Giuseppe Scutella: I do not have only one style because I think it’s more important to be free and to use as many styles as possible. I can say, however, that I do not like any designs which are too decorative, for example the Memphis style and any which are overly fussy. I have many passions, for example art, sculpture and photography which I draw on when thinking of a new product. For example the Pirce is a sculpture with the light inside or a light with sculpture on the outside.



David Village: Are there any other lights that you like?

Giuseppe Scutella: There are many lights which I like but if you ask me which is the best lamp ever produced then I have two favourites which are very very exciting – the perfect lamps. The first one is the Parentesi by Achille Castiglioni and the second is the Eclisse by Vico Magistretti. Achille Castiglioni, I don’t remember when exactly but around 1962, when I was born, he created the perfect light without sculpture. It’s so simple. The Parentesi has a tube which can move along the tensioned wire with a spotlight head. There isn’t another light quite like this because the light is like a sun which can easily be moved. The first time that I saw the lamp I didn’t appreciate the concept but after one second I understood how it is great, how it is amazing and clever. This lamp is more resistant to time for the next 20/30 years - it is evergreen. The second one is Eclisee. It’s like a child with a light. You put your hands in front of your face to shade the light and use a simple movement to alter the amount of light which escapes. These two examples are my favourites.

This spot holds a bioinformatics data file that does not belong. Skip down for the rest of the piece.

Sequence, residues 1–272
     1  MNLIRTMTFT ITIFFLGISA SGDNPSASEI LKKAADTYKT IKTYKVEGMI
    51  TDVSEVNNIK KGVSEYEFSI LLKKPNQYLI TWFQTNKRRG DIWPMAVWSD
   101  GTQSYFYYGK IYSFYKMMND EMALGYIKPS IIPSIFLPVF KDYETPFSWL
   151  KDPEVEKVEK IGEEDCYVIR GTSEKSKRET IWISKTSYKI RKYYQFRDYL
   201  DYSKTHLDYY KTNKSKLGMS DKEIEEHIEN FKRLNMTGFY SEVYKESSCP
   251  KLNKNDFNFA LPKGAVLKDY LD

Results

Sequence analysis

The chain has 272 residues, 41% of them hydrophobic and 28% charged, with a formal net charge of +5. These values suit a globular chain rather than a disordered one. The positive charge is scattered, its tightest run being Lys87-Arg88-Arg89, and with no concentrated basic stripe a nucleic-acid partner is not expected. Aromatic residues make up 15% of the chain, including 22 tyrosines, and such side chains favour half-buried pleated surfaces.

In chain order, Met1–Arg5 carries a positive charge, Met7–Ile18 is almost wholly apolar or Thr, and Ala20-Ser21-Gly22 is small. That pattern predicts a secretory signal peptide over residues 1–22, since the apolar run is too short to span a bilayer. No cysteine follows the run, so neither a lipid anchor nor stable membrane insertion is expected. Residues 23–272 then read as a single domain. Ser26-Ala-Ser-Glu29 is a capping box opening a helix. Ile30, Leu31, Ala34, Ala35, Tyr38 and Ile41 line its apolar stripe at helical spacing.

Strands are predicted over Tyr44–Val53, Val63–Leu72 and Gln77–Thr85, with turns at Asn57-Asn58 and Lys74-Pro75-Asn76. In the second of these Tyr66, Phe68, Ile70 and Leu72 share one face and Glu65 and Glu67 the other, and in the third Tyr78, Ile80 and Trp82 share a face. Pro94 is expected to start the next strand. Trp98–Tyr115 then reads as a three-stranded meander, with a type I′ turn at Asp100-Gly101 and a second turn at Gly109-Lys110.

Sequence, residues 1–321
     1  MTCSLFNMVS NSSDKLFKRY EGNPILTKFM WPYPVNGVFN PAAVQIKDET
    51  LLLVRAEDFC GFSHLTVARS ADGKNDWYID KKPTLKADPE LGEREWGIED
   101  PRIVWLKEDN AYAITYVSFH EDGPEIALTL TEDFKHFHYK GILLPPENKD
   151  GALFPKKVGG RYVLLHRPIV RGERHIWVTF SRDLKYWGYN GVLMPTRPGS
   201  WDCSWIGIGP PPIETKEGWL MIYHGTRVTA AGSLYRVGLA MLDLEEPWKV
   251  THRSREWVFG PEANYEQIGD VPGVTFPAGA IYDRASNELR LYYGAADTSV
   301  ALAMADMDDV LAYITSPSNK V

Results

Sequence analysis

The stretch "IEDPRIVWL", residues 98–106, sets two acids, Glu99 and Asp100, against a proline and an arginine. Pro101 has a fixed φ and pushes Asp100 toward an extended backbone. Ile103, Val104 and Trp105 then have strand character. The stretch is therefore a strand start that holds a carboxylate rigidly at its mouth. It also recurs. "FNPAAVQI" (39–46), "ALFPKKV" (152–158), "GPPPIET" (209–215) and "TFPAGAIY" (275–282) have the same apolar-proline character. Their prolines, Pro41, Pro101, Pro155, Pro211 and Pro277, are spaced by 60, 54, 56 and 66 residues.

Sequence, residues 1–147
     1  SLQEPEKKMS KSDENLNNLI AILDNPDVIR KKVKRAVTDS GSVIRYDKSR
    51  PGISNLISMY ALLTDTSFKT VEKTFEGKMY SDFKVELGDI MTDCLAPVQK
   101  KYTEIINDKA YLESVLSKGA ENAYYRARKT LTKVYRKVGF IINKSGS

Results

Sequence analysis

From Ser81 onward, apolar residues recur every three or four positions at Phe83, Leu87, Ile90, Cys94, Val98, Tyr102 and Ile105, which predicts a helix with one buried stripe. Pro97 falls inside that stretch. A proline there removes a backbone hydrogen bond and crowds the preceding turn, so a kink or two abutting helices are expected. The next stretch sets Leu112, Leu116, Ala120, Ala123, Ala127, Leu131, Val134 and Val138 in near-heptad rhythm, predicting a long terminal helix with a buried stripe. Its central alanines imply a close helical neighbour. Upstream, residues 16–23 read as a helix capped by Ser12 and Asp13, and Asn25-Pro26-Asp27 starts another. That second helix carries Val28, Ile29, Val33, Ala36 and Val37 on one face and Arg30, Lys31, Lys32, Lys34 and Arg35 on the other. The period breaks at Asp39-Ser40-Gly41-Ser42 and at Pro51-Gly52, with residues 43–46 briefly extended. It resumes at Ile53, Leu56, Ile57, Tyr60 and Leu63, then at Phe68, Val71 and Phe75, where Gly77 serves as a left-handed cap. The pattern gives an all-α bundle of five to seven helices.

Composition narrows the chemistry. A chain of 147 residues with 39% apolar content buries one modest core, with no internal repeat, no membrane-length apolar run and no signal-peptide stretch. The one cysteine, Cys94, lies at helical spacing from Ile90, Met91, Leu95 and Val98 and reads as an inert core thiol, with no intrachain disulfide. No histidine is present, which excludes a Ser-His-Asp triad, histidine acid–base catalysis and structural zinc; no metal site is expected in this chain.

David Village: Do the designers and design scene in Milan inspire your work?

Giuseppe Scutella: Absolutely. The first one is Achille Castiglioni but there are many Italian designers I like very much. For example, I think one of the greatest master designers was Burno Munari who wrote about 10 books on design. If you read his book which was written about 15 years ago it defines everything that will happen for the next 50 years. The next designer, who I was l lucky to have known when he was alive, is Angelo Mangiarotti.

Artemide(Angelo Mangiarotti)